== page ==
A Lover's Discourse (Magill's Literary Annual 1979)
Is this the same Roland Barthes who proselytized a dry, cold-blooded style in Writing Degree Zero? Is this the remote guru of semiology and structuralist rhetoric who announced the demise of the autonomous ego? This latest book by the Frenchman picking up the intellectual torch long carried by Sartre represents an unabashed shift towards a patently sensuous subject (in the sense of topic and psychology) and style.
Barthes couches his new orientation in a method honed in The Pleasure of the Text (1975) and Roland Barthes (1977): an alphabetical organization of fragments, introduced here by a prefatory guide, the first section of which explains the necessity for the book. The next outlines its format, presenting three subheadings: figures, order, and references. Each of the eighty fragments has as its subject a figure (whose first letter relegates its position in the whole) ranging from “to be engulfed” (s’abîmer) to “will-to-possess” (vouloirsaisir). Central and longest among the figures (including Adorable, Waiting, To Write, Gradiva, Scene, and Suicide) stands I-Love-You. Barthes claims not to use “figure” rhetorically—although many figures seem to be rhetorical tropes as well as dramatic stances—but in a “gymnastic” or a “choreographic” sense. He compares the lover to an athlete, an orator, or a statue; the “figure,” an economical affective articulation, he maintains,...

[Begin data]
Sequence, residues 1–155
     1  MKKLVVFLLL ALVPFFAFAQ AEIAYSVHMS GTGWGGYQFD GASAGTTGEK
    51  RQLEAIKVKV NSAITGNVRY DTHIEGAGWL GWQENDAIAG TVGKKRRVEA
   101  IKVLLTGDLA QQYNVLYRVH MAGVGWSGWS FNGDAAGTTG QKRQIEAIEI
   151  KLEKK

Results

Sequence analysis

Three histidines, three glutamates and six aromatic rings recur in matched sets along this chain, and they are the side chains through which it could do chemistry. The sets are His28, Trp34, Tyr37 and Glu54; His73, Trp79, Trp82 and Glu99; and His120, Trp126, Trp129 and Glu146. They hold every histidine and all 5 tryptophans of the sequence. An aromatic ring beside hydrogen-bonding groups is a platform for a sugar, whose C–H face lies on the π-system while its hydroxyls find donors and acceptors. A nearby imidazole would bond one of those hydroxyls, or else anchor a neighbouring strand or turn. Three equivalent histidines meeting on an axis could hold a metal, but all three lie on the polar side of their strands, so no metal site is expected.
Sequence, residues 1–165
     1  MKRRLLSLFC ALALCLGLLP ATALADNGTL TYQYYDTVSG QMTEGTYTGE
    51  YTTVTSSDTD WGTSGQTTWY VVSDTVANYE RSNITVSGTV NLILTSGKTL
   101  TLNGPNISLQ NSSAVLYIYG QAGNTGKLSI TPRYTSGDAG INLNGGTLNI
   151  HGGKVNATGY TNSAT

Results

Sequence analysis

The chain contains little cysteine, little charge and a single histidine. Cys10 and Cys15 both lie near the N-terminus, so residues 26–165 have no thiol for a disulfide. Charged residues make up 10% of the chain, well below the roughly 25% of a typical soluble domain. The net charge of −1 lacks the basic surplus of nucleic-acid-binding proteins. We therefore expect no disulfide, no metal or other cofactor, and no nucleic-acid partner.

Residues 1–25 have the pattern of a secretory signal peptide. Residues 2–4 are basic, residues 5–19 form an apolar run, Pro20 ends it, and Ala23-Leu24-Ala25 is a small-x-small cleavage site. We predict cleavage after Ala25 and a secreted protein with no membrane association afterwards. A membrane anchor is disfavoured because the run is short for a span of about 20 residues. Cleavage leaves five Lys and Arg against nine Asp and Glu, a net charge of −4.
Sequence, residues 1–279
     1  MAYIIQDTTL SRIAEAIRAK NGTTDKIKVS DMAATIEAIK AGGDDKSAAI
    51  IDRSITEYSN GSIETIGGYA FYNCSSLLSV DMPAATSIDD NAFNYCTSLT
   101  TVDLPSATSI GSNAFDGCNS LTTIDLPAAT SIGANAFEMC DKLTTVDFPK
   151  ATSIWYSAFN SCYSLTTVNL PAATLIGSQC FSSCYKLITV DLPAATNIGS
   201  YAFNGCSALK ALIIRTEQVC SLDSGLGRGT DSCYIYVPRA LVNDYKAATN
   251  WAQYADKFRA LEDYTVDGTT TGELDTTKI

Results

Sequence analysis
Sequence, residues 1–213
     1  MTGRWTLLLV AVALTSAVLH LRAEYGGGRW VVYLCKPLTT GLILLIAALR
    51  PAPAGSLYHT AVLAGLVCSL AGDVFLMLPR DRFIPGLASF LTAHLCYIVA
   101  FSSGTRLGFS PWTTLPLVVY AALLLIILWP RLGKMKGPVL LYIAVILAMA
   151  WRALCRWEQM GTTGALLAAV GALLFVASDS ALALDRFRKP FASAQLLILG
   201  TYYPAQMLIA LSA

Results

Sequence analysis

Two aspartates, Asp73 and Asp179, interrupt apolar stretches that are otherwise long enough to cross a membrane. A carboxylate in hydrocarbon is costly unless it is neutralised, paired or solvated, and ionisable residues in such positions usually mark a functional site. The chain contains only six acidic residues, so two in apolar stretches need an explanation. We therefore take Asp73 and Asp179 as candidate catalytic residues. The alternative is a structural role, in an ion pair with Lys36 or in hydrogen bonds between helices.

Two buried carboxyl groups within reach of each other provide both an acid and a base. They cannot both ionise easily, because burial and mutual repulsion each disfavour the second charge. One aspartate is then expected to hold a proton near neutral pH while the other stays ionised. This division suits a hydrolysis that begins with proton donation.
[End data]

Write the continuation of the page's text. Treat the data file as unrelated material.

(The entire section is 1834 words.)
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Bibliography (Magill's Literary Annual 1979)
Book World. October 29, 1978, p. E6.
Booklist. LXXV, September 1, 1978, p. 15.
Kirkus Reviews. XLVI, June 15, 1978, p. 669.
Library Journal. CIII, August, 1978, p. 1510.
New Leader. LXI, October 23, 1978, p. 14.
Publisher’s Weekly. CCXIV, July 10, 1978, p. 123.
(The entire section is 30 words.)